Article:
What is the World Economic Forum?

The World Economic Forum (WEF) is the "think tank" and driving force behind the Global Economy. It’s members include the CEOs from the top 1000 multi-national corporations in the world, academics, trade-ministers from national governments, and influential business leaders. The WEF was founded by Klaus Schwab in 1971, as the "European Management Forum", and was renamed the WEF in 1987 "to reflect its increasingly global outlook (WEF literature)".

The WEF holds it’s annual meeting in the small resort town of Davos in the Swiss Alps. According to the WEF’s literature, this meeting is "now considered the global summit which defines the political, economic and business agenda for the year".

The World Economic Forum is an extremely powerful, unelected and unaccountable body of officials who are making major decisions about what we, the human population, will read in the media, what food we will eat, what we will study in school, where and in what conditions we will work, etc.

Essentially the WEF’s summits, or meetings, allow the richest and most powerful corporations in the world to mingle with trade representatives from nations, and with each other, to make business deals.


What is the relationship between the World Economic Forum and Globalisation?

In the WEF literature, it clearly states that in 1982 "the Annual Meeting in Davos bring(s) together cabinet members of major countries with heads of international organisations (such as the World Bank, IMF, and GATT)…A special Informal Gathering of Trade Ministers from 17 countries is organized in Lausanne by the Foundation, which spurs the launch of the Uruguay Round".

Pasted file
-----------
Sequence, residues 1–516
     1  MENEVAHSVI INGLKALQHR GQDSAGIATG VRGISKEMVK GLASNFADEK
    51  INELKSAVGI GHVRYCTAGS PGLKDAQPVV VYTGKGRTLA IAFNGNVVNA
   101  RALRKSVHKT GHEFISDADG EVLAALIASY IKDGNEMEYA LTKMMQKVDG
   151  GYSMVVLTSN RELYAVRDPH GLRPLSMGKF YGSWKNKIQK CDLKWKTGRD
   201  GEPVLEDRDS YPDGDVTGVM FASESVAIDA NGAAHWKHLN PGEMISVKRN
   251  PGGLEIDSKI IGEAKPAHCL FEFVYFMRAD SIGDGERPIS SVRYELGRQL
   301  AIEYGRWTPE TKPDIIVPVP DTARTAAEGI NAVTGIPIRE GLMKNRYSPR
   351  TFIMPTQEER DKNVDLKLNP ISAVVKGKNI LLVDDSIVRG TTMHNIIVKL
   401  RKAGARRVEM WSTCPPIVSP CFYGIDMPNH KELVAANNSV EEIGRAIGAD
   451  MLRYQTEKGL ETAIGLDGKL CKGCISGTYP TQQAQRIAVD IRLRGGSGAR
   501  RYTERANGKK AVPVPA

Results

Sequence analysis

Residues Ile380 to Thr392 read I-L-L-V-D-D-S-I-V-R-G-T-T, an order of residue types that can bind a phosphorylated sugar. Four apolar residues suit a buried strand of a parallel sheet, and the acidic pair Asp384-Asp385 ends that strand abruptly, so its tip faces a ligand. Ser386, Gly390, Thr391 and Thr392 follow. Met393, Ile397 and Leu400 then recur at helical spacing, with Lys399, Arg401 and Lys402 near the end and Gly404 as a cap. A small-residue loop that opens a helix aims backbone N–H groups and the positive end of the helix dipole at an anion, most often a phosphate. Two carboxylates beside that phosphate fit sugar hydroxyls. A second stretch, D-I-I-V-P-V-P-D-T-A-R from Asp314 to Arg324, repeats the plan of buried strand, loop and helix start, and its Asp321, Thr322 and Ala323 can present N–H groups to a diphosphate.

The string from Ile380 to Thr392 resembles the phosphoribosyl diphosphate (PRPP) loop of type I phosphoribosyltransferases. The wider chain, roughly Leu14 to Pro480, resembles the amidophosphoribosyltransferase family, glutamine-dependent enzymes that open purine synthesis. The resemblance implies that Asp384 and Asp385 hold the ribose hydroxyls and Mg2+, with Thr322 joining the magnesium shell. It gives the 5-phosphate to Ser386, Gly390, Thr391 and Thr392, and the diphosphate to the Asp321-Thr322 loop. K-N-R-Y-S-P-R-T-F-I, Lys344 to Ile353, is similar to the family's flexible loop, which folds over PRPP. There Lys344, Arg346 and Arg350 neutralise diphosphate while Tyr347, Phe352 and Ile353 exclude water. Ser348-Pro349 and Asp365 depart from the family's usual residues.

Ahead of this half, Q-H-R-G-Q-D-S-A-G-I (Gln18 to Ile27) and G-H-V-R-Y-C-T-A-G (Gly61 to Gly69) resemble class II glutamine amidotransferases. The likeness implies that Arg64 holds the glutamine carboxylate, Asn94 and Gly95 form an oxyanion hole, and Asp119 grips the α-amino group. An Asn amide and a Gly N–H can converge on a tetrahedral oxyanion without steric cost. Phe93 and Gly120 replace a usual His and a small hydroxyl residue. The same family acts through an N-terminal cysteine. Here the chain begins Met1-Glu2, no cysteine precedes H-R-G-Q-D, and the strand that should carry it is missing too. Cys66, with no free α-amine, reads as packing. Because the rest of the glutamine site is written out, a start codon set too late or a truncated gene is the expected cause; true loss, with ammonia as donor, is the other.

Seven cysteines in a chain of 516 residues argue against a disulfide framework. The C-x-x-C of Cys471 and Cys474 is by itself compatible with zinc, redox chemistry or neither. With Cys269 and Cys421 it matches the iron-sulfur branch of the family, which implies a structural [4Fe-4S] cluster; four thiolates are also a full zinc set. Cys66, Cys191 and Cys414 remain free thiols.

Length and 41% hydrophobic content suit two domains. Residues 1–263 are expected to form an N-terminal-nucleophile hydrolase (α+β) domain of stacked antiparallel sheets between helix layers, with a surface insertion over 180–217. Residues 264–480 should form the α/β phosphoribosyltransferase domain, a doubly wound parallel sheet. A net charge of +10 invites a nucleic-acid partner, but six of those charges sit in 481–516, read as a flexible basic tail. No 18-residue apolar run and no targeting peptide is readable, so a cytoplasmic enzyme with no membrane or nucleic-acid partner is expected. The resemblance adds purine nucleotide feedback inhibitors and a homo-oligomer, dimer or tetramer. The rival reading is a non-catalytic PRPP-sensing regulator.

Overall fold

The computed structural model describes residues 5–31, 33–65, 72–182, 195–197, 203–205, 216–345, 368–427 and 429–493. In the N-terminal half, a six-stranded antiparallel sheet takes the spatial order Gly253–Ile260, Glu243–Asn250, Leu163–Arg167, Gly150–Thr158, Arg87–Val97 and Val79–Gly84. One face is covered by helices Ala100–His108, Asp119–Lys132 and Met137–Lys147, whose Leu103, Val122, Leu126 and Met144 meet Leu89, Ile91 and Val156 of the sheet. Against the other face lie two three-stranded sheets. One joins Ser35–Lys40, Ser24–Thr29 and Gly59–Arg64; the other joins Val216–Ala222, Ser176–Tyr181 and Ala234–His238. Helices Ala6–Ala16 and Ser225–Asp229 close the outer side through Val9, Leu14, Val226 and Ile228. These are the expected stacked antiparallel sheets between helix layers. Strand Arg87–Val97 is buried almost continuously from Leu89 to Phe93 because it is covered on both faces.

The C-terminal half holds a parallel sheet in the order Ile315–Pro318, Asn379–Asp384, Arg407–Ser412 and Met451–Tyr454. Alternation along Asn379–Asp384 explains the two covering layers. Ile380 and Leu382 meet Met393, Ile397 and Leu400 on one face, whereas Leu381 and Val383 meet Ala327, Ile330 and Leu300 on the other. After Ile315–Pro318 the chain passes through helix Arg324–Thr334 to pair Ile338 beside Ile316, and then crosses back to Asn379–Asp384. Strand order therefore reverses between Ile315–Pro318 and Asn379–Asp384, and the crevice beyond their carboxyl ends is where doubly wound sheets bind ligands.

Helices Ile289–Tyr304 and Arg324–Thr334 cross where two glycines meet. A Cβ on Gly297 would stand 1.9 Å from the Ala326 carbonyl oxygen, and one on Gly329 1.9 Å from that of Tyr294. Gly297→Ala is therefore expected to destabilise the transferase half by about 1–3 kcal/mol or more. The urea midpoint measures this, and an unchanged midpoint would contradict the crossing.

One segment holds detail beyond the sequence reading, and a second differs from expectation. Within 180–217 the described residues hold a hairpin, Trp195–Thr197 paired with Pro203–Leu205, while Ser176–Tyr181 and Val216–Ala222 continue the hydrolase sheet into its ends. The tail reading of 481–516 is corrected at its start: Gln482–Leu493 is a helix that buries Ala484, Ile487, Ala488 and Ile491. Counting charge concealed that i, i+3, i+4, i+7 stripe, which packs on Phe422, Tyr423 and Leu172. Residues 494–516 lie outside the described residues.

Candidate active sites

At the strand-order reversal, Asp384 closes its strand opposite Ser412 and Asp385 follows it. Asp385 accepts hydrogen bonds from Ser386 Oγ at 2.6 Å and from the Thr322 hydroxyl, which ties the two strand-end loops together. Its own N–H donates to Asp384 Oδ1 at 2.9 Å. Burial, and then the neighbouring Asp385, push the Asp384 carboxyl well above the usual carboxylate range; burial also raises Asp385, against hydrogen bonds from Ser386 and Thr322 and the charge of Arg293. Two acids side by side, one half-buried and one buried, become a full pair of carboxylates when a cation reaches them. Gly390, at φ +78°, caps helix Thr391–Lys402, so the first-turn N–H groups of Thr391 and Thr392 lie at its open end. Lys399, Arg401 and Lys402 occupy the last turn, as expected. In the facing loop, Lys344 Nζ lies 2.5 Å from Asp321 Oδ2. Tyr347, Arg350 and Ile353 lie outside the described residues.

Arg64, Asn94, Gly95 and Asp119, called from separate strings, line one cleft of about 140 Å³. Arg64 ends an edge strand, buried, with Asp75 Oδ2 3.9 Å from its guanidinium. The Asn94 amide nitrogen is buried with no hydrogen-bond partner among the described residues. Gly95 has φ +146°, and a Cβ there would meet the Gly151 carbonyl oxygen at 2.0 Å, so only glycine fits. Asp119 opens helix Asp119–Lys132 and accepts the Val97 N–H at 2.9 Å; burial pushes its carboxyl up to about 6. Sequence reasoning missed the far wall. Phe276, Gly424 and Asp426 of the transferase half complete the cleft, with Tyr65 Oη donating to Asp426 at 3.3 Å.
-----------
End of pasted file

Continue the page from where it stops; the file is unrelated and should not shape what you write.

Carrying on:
With this information from we can clearly see that the World Economic Forum has historically played a key role in furthering the process of Globalisation. It can even be concluded the World Trade Organisation was conceived and developed by the members of this "special meeting" in 1982.


Who are the Members of the World Economic Forum?

The WEF’s members are divided into _______ key areas: Media, Pulp and Paper, Mining, Textiles, etc. The WEF’s members come to Davos, and to the many regional summits, by invitation only.

Some of the members of the WEF include:

Amcor Ltd.

BHP

Visa

Commonwealth Bank of Australia

Dow Corning

Dupont

Exxon

Honeywell

Hydro-Quebec

McDonald’s

Microsoft

Monsanto

Nike

Phillip-Morris

Rio Tinto

Boeing

3M

Amazon.com

Anglo-American Corporation of South Africa Ltd

Bank of America

BP – Amoco

Broken Hill Proprietary Co.

Cargill

Novartis

Chase Manhattan Corporation

Cheveron

Citibank

Colonial Bank Australia

Delta- Galil Industries Ltd.

ELF Aquatine

Estee Lauder

Forbes

Ford

Gazprom

General Motors

Groupe Danone

Gulfstream Aerospace corporation

Hewlett Packard

Indian petro-chemical corpoation

International Paper Company

Kraft Foods

Mitsubishi Group

Mobil

National Australia Bank

Nestle

Phillips Petroleaum

Price-waterhouse-coopers

Placer Dome

Royal Dutch- Shell

Siemans

Telstra Corporation

Coca-Cola

De Beers

Thyssen Krupp

Toyota

Turner International

United Technolagies Corporation

Viacom

Waste Management International

Western Mining Corporation